The goal of these mobile home / manufactured home insurance buying tips is to help you be adequately insured against everyday risks and disasters and avoid insurance gaps. Please refer to our Manufactured Home Insurance Basics for more info on the types of coverage in a typical policy.
Mobile/Manufactured Home Buying Tips:
- Aim for adequate Dwelling coverage. The most important coverage to focus on when shopping for manufactured home insurance is the “Dwelling.” New manufactured homes cost upwards of $100,000 or more. Shop for Replacement Cost (RCV) insurance, which pays to replace your dwelling, up to policy limits. In many policies, Personal Property coverage limits are set automatically as a percentage of Dwelling limits – so if your dwelling is underinsured, your personal property will be underinsured too.
- Aim for Replacement Cost (RCV) not Actual Cash Value (ACV) coverage. A standard Mobile/Manufactured Home policy gives you only actual cash value (ACV), not replacement cost value (RCV). If you have lived in your home a while there is likely a HUGE cost difference between the depreciated value of your current home and the cost of purchasing a new one. This is the same for your personal property– RC is better, ACV is cheaper. If you have RC coverage, your insurance company will reimburse you for the actual cost of replacing what you lost. If you only have ACV, your insurance company will pay the used (depreciated) price a willing buyer would have paid you immediately before the loss. We strongly recommend replacement cost coverage if you can afford it.
- Create a basic inventory list of everything you own. Start with the most valuable items. A convenient time to do this is when you are packing or unpacking for a move. Use your phone to take pictures or a video of your belongings. To create your inventory on a computer, you can use UP’s free home inventory spreadsheet. (clicking the link will automatically download the spreadsheet.)
- Do the math. Estimate approximately how much it would cost to replace each item on your inventory.
- Store your inventory in a safe location online or outside your home. If you ever have a loss and need to file a claim, the insurance company will ask you to itemize every item that was damaged or destroyed. Having a pre-loss inventory will be a huge time and hassle saver.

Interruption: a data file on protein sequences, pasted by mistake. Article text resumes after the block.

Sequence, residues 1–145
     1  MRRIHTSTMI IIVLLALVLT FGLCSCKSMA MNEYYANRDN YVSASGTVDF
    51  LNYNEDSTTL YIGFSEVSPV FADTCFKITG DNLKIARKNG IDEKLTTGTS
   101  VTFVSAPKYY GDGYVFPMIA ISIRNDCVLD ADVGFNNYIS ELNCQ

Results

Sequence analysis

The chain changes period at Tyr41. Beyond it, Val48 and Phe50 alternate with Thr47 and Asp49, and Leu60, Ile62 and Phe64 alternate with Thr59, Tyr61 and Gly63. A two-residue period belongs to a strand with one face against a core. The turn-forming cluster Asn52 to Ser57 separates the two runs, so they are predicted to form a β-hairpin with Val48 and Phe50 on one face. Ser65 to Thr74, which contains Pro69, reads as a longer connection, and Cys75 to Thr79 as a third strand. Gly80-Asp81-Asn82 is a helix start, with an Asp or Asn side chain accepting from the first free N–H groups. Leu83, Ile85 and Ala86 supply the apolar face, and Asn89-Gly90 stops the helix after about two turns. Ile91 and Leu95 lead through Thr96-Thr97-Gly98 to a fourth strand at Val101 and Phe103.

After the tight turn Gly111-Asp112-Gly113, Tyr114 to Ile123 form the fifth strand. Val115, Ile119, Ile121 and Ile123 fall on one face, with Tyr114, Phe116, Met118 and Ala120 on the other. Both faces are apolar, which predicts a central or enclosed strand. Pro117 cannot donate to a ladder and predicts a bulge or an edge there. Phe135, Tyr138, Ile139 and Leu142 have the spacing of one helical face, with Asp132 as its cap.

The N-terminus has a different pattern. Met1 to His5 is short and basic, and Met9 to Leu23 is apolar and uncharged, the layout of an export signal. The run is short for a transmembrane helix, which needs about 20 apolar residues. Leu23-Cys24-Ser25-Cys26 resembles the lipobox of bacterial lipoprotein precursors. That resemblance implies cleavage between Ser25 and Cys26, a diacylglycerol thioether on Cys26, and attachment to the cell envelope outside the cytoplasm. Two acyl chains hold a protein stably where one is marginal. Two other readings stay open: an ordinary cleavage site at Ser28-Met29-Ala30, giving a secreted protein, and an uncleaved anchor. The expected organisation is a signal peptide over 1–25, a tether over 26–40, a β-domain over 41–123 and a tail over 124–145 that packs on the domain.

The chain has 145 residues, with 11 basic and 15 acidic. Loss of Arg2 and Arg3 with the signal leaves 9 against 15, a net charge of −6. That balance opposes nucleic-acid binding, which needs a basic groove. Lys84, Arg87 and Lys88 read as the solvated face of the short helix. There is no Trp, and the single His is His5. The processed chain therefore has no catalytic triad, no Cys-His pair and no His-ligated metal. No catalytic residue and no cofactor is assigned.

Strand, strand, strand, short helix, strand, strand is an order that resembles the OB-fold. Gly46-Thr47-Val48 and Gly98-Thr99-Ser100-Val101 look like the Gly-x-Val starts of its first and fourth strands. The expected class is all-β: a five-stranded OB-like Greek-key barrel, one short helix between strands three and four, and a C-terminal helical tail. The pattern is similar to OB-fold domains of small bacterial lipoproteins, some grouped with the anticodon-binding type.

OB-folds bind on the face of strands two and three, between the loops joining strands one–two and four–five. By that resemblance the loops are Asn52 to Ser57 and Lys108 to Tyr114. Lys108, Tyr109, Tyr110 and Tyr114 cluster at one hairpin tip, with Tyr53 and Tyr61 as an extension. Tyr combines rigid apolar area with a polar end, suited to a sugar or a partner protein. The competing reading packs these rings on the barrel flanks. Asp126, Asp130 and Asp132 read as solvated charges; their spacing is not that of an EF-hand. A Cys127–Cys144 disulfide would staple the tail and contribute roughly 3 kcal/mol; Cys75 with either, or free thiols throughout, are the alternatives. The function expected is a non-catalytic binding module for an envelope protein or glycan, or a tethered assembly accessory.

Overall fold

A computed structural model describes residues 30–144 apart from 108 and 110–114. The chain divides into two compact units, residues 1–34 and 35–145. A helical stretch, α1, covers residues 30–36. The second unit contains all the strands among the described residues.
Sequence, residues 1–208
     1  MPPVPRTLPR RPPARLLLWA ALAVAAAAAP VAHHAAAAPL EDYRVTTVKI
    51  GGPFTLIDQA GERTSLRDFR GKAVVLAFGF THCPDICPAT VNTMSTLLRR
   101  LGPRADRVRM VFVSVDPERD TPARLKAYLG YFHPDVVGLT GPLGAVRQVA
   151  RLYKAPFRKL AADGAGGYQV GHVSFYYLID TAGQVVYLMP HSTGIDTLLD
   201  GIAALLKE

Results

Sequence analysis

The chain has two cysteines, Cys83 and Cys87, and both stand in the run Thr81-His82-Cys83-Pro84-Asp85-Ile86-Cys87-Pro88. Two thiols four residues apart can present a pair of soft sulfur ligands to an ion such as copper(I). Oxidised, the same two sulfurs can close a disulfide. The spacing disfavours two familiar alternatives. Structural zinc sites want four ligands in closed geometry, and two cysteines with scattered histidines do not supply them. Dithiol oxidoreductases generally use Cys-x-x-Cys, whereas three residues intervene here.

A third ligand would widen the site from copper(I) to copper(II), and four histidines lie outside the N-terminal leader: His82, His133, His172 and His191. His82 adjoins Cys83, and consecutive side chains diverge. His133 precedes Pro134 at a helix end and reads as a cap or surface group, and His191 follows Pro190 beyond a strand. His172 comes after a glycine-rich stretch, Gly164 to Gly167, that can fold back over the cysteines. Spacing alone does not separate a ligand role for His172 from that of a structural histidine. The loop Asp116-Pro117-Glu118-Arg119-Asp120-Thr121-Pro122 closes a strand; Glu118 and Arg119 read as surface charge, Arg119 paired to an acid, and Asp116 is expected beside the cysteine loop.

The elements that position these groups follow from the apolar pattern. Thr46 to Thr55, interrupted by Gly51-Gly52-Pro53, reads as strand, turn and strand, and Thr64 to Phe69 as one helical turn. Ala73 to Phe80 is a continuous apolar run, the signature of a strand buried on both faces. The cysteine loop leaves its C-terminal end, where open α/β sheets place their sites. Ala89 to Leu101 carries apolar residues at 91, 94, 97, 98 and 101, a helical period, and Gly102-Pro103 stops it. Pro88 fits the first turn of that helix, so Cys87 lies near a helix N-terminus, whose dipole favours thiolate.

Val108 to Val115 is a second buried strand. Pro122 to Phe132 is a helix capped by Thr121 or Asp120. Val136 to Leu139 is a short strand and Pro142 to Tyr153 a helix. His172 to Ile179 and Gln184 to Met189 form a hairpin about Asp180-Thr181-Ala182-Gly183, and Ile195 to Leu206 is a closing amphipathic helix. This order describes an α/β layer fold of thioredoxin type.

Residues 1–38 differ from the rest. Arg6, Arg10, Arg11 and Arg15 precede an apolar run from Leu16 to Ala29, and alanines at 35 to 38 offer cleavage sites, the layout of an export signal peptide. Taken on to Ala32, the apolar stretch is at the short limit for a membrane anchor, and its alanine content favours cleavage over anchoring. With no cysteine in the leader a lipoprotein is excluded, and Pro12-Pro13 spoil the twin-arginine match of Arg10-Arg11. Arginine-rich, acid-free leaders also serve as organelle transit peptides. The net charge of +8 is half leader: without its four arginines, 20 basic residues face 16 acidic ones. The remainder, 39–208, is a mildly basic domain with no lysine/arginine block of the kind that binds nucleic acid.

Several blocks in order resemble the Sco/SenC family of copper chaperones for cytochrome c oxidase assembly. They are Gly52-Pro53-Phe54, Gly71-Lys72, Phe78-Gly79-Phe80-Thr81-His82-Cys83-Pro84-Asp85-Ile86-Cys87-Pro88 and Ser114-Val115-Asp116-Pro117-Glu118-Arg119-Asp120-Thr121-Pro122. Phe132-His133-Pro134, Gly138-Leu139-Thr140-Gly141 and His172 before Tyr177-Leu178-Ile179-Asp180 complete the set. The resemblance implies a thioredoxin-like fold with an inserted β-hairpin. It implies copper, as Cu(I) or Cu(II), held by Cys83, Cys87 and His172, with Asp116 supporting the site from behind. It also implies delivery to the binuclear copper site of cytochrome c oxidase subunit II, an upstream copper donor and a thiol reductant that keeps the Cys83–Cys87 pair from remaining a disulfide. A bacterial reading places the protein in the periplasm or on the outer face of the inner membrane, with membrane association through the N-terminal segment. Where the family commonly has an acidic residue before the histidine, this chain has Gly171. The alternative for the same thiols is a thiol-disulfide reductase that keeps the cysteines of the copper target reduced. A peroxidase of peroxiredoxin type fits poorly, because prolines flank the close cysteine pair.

- Think about your local risks. Fires and theft can happen anywhere; earthquakes and floods are more region-specific. You may need to buy a separate policy for earthquakes and/or flooding.
- If you live in a manufactured home community with Homeowners Association (HOA), you may be required to include “Special Loss Assessment” coverage in the policy on your unit.
Find the policy that best fits your wants and needs:
As tempting as it is to shop on price alone, we recommend against that. The old saying, “Don’t be penny-wise and pound-foolish” applies here. We know you don’t want to waste money, but having enough insurance is important.
- Work with a good Agent or Broker: “Captive agents” can only sell one insurer’s policies so they offer fewer choices. “Independent agents” also called “brokers” sell a wider array of choices.
- Shop Around: Aim to get a few quotes and compare what they offer.
- If there are claims on your “CLUE” report that put you in a higher risk category, your insurance will cost more. Request a copy of this report at www.consumer.risk.lexisnexis.com, review it and correct any errors that may flag you as a higher risk.
- Avoid paying for coverage you don’t need. Ask an agent to help you customize.
- Ask for discounts: Don’t wait for insurers to offer. Consider multi-line discounts by purchasing your auto, life, and/or liability umbrella insurance coverage from the same company. Discounts may also be available for having a fire extinguisher in your home, a home security system, having a clean claim history, and having good credit. Ask if there are any special membership-related discounts (AAA, Costco, Sams, AARP, etc.). If your MH has secure anchoring to concrete slab or foundation, you may be eligible for discounts.
- Customize your safety net: A standard manufactured homeowner’s policy has caps/limits on payments for certain items such as business equipment, jewelry, firearms and electronics. If you work from home, have collections, art or high value items, consider buying extra coverage, known in insurance lingo as a “rider” or an “endorsement.”
- “Personal property” means clothing, furnishings, furniture, but also refrigerators, stoves, washing machines, dryers, and, in most cases, HVAC systems (less the ducts and vents built into the MH). A standard MH policy will typically cover personal property items on an “actual cash value” basis. If you only have ACV, your insurance company will not pay the full cost of replacing items. We strongly recommend replacement cost coverage if you can afford it.
- Higher deductibles = lower premium: Your deductible is a set dollar amount of a loss that you have to pay out of pocket before insurance kicks in. Ask for a higher deductible if you want to pay less for your insurance.